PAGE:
Flashback 1966: Funeral of President Sean T O'Kelly
This weekend 49 years ago crowds turned out for the funeral of former President of Ireland Sean T O'Kelly
Published 22/11/2015 | 02:30
Sean T O'Kelly was the second President of Ireland, and his long service as a revolutionary, politician and statesman merited a State funeral when he passed away on November 23, 1966.
"Drums rolled to the overcast skies and fitful sun as the band under Comdt James O'Doherty played Remember the Glories," reported the Irish Independent. "The air was moist and warm as tears and the stillness was broken only by the trundling of the cortège vehicles and the rustle of slow-marching soldiers, sounding their own secret requiem."
An active republican from an early age, O'Kelly joined the Irish Republican Brotherhood and was a founder member of Sinn Féin. He was appointed Staff Captain of the Irish Volunteers by Patrick Pearse and was aged 33 at the time of the Rising, where he served in the GPO.
He was arrested and jailed in Britain but escaped and returned to Ireland. He was elected to the first Dáil in 1918 and after a spell in the United States returned again to stand for the new Fianna Fáil party. The man from Dublin's north inner city served as Ceann Comhairle, Minster for Finance and Tánaiste before he stood for election as President in June 1945. He picked up just short of 50pc of the vote, beating Fine Gael's Seán Mac Eoin and independent Patrick McCartan. He served two seven-year terms and lived quietly in retirement until his death in the Mater Private Nursing Home aged 84.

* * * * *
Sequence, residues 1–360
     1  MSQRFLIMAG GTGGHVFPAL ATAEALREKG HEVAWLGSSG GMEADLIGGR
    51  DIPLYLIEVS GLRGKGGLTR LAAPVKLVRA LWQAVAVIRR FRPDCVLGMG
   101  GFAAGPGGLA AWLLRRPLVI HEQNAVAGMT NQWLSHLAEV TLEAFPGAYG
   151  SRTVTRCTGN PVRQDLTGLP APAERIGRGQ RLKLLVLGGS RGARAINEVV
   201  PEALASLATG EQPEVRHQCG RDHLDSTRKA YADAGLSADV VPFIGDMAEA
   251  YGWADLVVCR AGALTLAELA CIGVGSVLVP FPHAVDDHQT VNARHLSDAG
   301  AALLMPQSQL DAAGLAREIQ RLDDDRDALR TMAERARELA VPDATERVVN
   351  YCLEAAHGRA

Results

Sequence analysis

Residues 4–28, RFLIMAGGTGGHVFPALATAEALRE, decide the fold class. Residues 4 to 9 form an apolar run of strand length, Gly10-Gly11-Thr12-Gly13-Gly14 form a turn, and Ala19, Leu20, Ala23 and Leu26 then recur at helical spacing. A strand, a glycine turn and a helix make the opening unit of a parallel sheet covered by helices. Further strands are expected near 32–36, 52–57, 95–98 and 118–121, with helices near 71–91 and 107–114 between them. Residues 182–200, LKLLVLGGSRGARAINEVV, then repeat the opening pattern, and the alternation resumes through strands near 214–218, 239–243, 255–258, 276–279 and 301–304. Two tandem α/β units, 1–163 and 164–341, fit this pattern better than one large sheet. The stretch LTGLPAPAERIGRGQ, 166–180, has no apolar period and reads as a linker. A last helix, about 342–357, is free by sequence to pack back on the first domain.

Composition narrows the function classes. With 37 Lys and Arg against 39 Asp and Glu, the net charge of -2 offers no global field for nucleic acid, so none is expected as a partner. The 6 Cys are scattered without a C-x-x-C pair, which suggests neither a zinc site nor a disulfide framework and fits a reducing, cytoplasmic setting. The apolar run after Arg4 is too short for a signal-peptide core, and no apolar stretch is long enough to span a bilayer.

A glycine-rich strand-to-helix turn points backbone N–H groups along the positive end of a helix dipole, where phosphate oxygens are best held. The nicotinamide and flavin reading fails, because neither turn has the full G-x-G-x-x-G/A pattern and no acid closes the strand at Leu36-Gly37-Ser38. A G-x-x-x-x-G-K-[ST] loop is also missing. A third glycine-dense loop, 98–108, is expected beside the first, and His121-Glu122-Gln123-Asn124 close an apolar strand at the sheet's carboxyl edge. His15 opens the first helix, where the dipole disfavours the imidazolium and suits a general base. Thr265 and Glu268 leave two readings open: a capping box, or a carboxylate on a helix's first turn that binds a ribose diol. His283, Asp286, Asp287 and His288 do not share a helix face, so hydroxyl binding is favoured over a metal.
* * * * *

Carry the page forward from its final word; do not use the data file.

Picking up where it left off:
His funeral mass at the Pro-Cathedral was conducted by the Archbishop of Galway, Thomas Browne, with the assistance of the Archbishop of Dublin, John Charles McQuaid, and many more clergymen.
His widow, Phyllis, was chief mourner. O'Kelly had married her two years after his first wife, Kit, died in 1934. Kit had been assistant professor of modern languages at the National University. Phyllis, a chemist and public analyst, was Kit's younger sister.
A gun carriage carried the old rebel's coffin out to the cemetery in Glasnevin.
"Old comrades, sundered by civil war and dissension, stood shoulder to shoulder in a guard of honour at the grave of a man who, as president, appealed for the reunification of all Republicans," reported the Irish Independent.
At the graveside, veterans of the GPO garrison and the Citizen Army stood to attention as soldiers fired three volleys in the air before the Last Post and Reveille was sounded. Floral wreaths from President De Valera and the new Taoiseach Jack Lynch - he was barely two weeks in office - were laid at the grave alongside tributes from the British and Canadian governments, and Prince Rainier and Princess Grace of Monaco.